About gorilla Trekking Rwanda

About gorilla Trekking Rwanda,Facts on Gorilla Trekking Rwanda | Gorilla Tracking Rwanda | Gorilla Tours Rwanda | Gorilla Safaris Rwanda

All you need to Know about Rwanda Gorilla Tours, Rwanda Gorilla Trekking, Rwanda Gorilla Safaris and Gorilla Tracking in Rwanda

Gorilla Trekking in Rwanda the ‘Land of a Thousand Hills’ takes place in Rwanda’s Volcanoes National Park (PNV) consisting of 125 km2 of mountain forest and home to the six Virunga Volcanoes and the world famous mountain gorillas.

Protected within the PNV, the lushly forested slopes of the mountains form an appropriately dramatic natural setting for what is arguably the most poignant and memorable wildlife experience in the world: gorilla trekking.

The exhilarating hike to the gorilla’s natural habitat of shady bamboo forest offers fantastic views in all directions, before the trackers are immersed in the mysterious intimacy of the rainforest, alive with the calls of colourful birds and the chattering of rare golden monkey. Nothing can prepare one for the impact of encountering a fully-grown silverback gorilla, up to three times the size of an average man, yet remarkably peaceable and tolerant of human visitors.

Acquiring Rwanda Gorilla Tracking Permit

You can use the help of a tour operator to acquire a Rwanda Gorilla permit. The cost of the Rwanda gorilla permit for the non-nationals in US$1500

Included in the cost of the gorilla tracking permit is the park entry fees. The starting point for Rwanda gorilla trekking happens in the lively town of Musanze, situated 12km from Kinigi. A drive from Kigali to Rwanda’s Capital city to the base of the gorilla in Musanze is approximately 90 minutes.

On the day of gorilla trekking, you report early 7.00 am for briefing on Rwanda gorilla tracking at the RDB Tourism & Conservation offices.

Rwanda Gorilla Trekking Guidelines:

To minimize possible transmission of human diseases, visitors are asked to maintain a distance of 7m (about 22 feet) from the gorillas. If you are sick with a cold, flu or other contagious illness, please do not visit the gorillas.
Viewing time is limited to one hour.
Maximum 8 visitors per group.
Spitting in the park is strictly prohibited.
Should you need to cough, cover your mouth and turn away from the gorillas.
When with the gorillas, keep your voice low.
Try not to make rapid movements that may frighten the gorillas.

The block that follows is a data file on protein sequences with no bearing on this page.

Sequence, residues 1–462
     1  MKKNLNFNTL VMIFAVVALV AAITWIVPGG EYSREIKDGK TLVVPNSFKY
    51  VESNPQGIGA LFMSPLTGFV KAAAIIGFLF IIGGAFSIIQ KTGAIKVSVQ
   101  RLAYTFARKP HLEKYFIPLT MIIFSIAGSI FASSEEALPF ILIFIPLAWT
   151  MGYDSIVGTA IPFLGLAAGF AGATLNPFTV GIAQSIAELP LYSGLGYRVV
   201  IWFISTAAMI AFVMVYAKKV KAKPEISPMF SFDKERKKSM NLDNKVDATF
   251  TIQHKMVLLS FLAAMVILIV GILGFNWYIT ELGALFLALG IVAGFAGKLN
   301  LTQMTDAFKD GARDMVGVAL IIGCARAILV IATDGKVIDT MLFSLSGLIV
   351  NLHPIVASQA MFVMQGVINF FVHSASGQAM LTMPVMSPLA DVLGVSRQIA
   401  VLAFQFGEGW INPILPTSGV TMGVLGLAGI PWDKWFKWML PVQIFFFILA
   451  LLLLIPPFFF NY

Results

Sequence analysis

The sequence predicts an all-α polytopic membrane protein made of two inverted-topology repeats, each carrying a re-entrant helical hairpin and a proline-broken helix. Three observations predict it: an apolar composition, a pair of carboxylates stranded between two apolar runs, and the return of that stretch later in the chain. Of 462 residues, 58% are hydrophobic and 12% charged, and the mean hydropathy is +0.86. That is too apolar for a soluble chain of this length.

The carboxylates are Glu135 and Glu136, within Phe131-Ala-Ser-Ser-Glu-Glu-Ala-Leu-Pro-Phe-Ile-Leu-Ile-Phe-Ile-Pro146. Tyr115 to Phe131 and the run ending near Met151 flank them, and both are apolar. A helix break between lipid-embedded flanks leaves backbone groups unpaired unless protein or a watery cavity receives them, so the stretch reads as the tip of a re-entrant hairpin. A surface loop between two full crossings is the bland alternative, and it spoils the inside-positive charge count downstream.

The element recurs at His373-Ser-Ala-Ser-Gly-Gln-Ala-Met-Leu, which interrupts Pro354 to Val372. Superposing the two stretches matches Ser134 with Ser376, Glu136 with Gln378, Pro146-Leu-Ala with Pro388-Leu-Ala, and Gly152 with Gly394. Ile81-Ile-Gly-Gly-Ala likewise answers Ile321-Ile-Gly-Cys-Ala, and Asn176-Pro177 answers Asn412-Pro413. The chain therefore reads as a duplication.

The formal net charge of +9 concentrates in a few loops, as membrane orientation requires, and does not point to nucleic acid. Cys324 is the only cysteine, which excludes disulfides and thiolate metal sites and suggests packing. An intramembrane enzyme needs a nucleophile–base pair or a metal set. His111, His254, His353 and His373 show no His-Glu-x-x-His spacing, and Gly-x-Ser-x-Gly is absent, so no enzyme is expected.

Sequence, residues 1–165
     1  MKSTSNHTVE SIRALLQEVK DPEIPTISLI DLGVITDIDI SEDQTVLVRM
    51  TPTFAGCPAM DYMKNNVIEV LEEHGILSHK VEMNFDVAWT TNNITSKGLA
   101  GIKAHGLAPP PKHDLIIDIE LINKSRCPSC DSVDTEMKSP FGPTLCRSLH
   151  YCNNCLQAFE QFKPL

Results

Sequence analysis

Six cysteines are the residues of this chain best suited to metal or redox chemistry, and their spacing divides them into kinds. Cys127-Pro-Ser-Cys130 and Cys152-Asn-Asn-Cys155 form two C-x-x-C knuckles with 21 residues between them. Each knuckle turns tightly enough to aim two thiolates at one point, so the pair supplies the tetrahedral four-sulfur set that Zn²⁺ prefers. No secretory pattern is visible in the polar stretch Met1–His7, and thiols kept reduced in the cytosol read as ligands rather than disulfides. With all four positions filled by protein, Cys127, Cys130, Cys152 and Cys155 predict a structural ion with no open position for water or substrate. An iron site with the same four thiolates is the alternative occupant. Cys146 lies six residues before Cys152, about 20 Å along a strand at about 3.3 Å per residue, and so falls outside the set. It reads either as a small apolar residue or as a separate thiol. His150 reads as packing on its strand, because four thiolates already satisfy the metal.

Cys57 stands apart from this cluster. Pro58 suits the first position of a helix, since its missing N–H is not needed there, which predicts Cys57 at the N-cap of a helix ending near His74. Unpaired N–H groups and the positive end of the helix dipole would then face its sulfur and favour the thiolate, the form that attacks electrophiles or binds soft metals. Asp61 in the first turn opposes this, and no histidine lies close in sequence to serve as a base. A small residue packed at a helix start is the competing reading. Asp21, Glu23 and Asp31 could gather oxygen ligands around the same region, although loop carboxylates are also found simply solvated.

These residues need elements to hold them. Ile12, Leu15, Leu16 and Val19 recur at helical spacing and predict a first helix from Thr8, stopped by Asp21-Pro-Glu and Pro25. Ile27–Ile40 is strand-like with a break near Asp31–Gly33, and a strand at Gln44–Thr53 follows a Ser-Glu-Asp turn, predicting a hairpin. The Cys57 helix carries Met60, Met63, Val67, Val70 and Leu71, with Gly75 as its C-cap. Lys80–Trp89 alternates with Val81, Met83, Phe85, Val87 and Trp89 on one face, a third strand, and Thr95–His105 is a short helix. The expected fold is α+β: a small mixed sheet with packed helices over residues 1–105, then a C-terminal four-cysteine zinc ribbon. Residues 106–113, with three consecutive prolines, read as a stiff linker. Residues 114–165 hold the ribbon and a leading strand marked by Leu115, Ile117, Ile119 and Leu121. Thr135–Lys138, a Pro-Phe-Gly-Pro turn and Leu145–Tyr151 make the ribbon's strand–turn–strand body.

If a gorilla should charge or vocalize at you, do not be alarmed, stand still, look away from the gorilla and follow your guide’s directions.
Do not litter.

What to bring for Rwanda Gorilla Tour – Rwanda Gorilla Safari:

Musanze, at 1,700m above sea level, is generally quite cold, particularly in the evening, so warm clothing is advised.
Recommended clothing is long trousers and shirts when in the forest to avoid nettle stings.
Steady walking shoes or hiking boots are essential. You may find rain gear useful.
Bring a water bottle and a small snack although eating, drinking and smoking near the gorillas is forbidden.
Photographs are permitted, although you may not use flash.
Porters are available to help you carry your day-pack for a small charge.
Mountain gorillas live at high altitude and this may cause difficulties for some visitors. You should walk slowly and drink plenty of water. No one should feel deterred from making this trip.

Rwanda Gorilla Safaris Habituated Families

There are seven gorilla families available for Rwanda Gorilla Tours with a maximum of 8 visitors allowed per group:

Susa—the largest group with 41 gorillas. This family is the hardest to trek as it tends to range high into the mountains but RDB Tourism & Conservation trackers will know well in advance where the group is located. The group is also well- known for having twins named Byishimo and Impano.

Sabyinyo—Sabyinyo is an easily accessible group led by the powerful silverback Guhonda. There are fewer members within this family than in the other groups however they are equally impressive as a family.

Amahoro—led by the calm and easy going Ubumwe, Amahoro is made up of 17 members and means “peaceful”. To reach Amahoro one must endure a fairly steep climb however the climb is well worth it once in contact with this tranquil group.

Group 13—when first habituated this group had only 13 members hence its name. Now the group has approximately 25 members, a very positive sign for conservation and the efforts put forward by RDB Tourism & Conservation to protect the gorillas’ habitat.

Kwitonda—this 18-member group is led by Kwitonda which means “humble one” and has two silverbacks and one blackback. Having migrated from DRC, this group tends to range far making it a moderately difficult trek.

Umubano—a family of 11, Umubano were originally Amahoro members but broke off after the dominant silverback was challenged by Charles, now the leader of Umubano. When a young silverback challenges the dominant silverback he must steal some females from the existing group in order to form his own family; thus Umubano was formed.

Hirwa—this group emerged recently and was formed from different existing families, namely from Group 13 and Sabyinyo. Eventually more gorillas joined. Come witness this family continue to grow

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